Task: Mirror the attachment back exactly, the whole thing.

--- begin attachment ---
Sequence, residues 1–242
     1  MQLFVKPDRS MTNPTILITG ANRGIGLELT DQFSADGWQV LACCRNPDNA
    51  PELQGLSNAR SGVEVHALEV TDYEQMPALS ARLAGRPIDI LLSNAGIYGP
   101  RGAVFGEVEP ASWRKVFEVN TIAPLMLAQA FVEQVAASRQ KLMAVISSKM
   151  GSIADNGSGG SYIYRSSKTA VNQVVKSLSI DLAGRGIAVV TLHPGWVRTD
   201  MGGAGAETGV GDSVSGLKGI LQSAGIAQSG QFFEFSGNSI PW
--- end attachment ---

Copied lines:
Sequence, residues 1–242
     1  MQLFVKPDRS MTNPTILITG ANRGIGLELT DQFSADGWQV LACCRNPDNA
    51  PELQGLSNAR SGVEVHALEV TDYEQMPALS ARLAGRPIDI LLSNAGIYGP
   101  RGAVFGEVEP ASWRKVFEVN TIAPLMLAQA FVEQVAASRQ KLMAVISSKM
   151  GSIADNGSGG SYIYRSSKTA VNQVVKSLSI DLAGRGIAVV TLHPGWVRTD
   201  MGGAGAETGV GDSVSGLKGI LQSAGIAQSG QFFEFSGNSI PW